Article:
There are many understandable reasons why we all avoid things that we think will hurt.  Sometimes people are told they shouldn’t do certain things (you should stop running, lifting, squatting, bending, etc.).  There can be important reasons for these suggestions (avoiding bending over or prolonged slouched positions with an acute spinal compression fracture, for example) but that’s not a long term plan.  In most cases, people should be able to return to their normal daily lives after an injury.

Problems that show up on imaging (Xrays, MRIs, etc.) can be disconcerting.  A lot of folks are under the impression that once damage is done (disc herniation, meniscus tear, arthritis, etc.) then it will be there forever.  In reality, these injuries heal the majority of the time15-27,   or may not actually be the cause of the pain.28-39  There are certainly times when your body may require some outside help (surgery, etc.), such as a herniated disc stopping the nerve signal to the area it controls which can cause significant and specific weakness, lack of sensation, or bowel/bladder problems.  Again though, most of the time the body can heal.

What you can do:  Gain greater and greater awareness into the meaning the signals your body sends.  See pain as a crucial tool to help you heal yourself.  Ease into activities in a controlled manner, initially avoiding forceful movements using momentum (starting a lawn mower, for example).  Consider how your body feels during the activity, immediately after, and the next day.   Assume you can heal, you may just not have figured out how yet.  People who believe they can heal make different decisions than those that don’t, which will be discussed further in Part 2.

Check out Beyond Tape: The Guide to Climbing Injury Prevention and Treatment for more information about warming up, stretching, and other climbing (and non-climbing) injury related topics.  Like my facebook page for updates and more information and rate/review Beyond Tape on my website or here My primary motivations for Beyond Tape and any of the posts are to:       1. Check out the most relevant and up-to-date research for each topic in order to dispel myths, sift out conflicting views, and help people to prevent or heal from injuries – letting me know about new research or opposing views is helpful and greatly appreciated       2. Contribute to the local and global communities by donating 100% of my net profits from Beyond Tape to service-based non-profit organizations, such as Rotary International, Doctor’s Without Borders, Access Fund, etc.

References:

1Kannus P1, Parkkari J, Järvinen TL, Järvinen TA, Järvinen M. Basic science and clinical studies coincide: active treatment approach is needed after a sports injury. Scand J Med Sci Sports. 2003 Jun;13(3):150-4.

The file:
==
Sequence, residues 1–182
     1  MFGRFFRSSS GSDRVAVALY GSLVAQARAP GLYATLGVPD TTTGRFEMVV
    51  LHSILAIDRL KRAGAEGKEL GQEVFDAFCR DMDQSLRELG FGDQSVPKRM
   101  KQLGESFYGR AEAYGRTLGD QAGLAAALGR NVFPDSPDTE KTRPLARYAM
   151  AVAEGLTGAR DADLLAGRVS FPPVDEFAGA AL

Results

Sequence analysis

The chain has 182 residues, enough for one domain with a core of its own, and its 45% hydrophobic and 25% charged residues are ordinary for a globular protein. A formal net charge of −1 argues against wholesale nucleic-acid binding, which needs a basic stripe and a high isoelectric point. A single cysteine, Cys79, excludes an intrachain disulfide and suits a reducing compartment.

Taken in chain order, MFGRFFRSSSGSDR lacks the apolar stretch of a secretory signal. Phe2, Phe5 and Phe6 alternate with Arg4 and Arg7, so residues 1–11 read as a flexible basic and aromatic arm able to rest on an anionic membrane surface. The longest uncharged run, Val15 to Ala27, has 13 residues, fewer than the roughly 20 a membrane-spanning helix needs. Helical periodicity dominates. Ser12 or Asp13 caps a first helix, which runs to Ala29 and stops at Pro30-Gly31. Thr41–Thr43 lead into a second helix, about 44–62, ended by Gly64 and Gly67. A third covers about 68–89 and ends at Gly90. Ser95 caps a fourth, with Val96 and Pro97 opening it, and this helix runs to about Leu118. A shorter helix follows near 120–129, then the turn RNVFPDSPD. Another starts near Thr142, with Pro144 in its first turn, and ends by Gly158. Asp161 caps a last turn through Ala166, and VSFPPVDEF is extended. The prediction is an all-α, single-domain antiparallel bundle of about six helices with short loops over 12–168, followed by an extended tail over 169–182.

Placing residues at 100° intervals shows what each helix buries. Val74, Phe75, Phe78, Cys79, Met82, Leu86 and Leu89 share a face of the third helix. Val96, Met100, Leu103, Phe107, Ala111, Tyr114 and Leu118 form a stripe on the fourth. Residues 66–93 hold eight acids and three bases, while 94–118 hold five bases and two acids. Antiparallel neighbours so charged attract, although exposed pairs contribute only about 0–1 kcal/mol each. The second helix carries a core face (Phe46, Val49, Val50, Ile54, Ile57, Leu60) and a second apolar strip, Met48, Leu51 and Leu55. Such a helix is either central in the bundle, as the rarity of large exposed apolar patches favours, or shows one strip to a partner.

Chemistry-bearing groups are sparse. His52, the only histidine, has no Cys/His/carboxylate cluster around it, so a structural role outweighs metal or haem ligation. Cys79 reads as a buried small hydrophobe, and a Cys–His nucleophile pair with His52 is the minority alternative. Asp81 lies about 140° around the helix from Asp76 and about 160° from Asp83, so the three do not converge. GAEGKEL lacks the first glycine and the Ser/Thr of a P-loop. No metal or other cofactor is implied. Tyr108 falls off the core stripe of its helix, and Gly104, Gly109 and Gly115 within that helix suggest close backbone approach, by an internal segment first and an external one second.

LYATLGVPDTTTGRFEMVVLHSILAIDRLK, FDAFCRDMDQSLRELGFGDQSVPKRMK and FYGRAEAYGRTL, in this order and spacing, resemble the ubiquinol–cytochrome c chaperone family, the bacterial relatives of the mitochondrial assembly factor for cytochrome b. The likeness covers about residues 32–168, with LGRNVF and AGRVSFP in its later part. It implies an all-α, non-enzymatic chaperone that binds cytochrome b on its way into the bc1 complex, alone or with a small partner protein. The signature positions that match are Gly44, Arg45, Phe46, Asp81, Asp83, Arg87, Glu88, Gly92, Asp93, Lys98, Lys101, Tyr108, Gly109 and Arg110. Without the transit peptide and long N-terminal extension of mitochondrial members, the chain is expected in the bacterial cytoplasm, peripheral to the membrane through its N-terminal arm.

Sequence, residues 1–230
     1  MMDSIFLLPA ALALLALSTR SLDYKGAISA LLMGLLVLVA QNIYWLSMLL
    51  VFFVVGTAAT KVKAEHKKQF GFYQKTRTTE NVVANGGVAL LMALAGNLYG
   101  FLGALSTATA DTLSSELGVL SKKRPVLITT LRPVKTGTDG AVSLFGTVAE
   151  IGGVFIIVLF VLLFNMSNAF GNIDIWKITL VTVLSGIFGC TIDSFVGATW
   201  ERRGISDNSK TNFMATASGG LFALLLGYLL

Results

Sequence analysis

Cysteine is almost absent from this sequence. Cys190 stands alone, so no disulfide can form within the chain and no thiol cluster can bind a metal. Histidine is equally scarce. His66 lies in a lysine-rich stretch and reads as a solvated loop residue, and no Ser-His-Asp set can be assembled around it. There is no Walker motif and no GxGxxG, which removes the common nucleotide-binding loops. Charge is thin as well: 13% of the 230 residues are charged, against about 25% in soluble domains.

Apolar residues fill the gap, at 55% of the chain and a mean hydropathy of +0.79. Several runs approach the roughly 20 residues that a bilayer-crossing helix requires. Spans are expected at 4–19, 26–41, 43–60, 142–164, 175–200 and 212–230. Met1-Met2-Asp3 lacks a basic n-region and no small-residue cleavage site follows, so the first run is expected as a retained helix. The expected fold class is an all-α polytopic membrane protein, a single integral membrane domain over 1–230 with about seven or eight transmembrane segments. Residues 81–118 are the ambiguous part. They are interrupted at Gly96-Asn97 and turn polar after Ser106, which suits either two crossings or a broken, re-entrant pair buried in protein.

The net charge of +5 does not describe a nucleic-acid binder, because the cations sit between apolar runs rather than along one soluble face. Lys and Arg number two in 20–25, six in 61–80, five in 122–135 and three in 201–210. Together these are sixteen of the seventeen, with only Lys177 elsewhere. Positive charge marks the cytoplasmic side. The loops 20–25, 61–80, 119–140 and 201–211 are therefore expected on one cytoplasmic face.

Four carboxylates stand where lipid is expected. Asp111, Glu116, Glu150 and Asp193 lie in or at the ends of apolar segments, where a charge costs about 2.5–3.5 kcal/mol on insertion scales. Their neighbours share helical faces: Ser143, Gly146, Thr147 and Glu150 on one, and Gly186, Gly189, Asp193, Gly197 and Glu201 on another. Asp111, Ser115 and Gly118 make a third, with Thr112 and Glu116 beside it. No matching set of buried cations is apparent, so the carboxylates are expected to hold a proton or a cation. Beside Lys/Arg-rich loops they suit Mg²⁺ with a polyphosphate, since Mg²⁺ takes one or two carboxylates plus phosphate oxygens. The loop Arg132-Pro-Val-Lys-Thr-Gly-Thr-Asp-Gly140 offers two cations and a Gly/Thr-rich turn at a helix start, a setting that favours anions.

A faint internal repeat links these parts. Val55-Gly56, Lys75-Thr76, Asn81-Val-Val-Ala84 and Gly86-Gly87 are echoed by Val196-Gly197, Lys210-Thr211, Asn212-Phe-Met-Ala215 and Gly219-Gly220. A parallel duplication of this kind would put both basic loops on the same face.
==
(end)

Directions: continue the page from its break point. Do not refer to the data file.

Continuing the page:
2Sharma P, Maffulli N. Tendon injury and tendinopathy: healing and repair. J. BoneJoint Surg. 2005; 87:187Y202.
3James R1, Kesturu G, et al. Tendon: biology, biomechanics, repair, growth factors, and evolving treatment options. J Hand Surg Am. 2008 Jan;33(1):102-12.
4Hess GP, Cappiello WL, Poole RM, et al: Prevention and treatment of overuse tendon injuries. S p o r t s M e d 8 : 371–384, 1989.
5Järvinen TA1, Järvinen TL, et al. Muscle injuries: biology and treatment. Am J Sports Med. 2005 May;33(5):745-64.
6Bondesen BA1, Mills ST, et al. The COX-2 pathway is essential during early stages of skeletal muscle regeneration. Am J Physiol Cell Physiol. 2004 Aug;287(2):C475-83.
7Schleip R1, Müller DG. Training principles for fascial connective tissues: scientific foundation and suggested practical applications. J Bodyw Mov Ther. 2013 Jan;17(1):103-15.
8Lu H1, Huang D, et al. Macrophages recruited via CCR2 produce insulin-like growth factor-1 to repair acute skeletal muscle injury. FASEB J. 2011 Jan;25(1):358-69.
9Arnold L1, Henry A, et al. Inflammatory monocytes recruited after skeletal muscle injury switch into antiinflammatory macrophages to support myogenesis. J Exp Med. 2007 May 14;204(5):1057-69.
10Smith C1, Kruger MJ, et al. The inflammatory response to skeletal muscle injury: illuminating complexities. Sports Med. 2008;38(11):947-69.
11Wren TA, Yerby SA, et al. Mechanical properties of the human achilles tendon. Clin Biomech (Bristol, Avon). 2001 Mar;16(3):245-51.
12Strough J1, Karns TE, Schlosnagle L. Decision-making heuristics and biases across the life span. Ann N Y Acad Sci. 2011 Oct;1235:57-74.
13Roberto, M. The Art of Critical Decision Making. The Teaching Company. 2009.
14Paige TE, Fiore DC, Houston JD. Injury in traditional and sport rock climbing. Wilderness and Environmental Medicine, 9,2-7 (1998).
15Benson RT1, Tavares SP, et al.  Conservatively treated massive prolapsed discs: a 7-year follow-up.  Ann R Coll Surg Engl. 2010 Mar;92(2):147-53.
16Saal JA1, Saal JS. Nonoperative treatment of herniated lumbar intervertebral disc with radiculopathy. An outcome study. Spine (Phila Pa 1976). 1989 Apr;14(4):431-7.
17 Yukawa Y1, Kato F, et al. Serial magnetic resonance imaging follow-up study of lumbar disc herniation conservatively treated for average 30 months: relation between reduction of herniation and degeneration of disc. J Spinal Disord. 1996 Jun;9(3):251-6.
18Masui T1, Yukawa Y, et al. Natural history of patients with lumbar disc herniation observed by magnetic resonance imaging for minimum 7 years. J Spinal Disord Tech. 2005 Apr;18(2):121-6.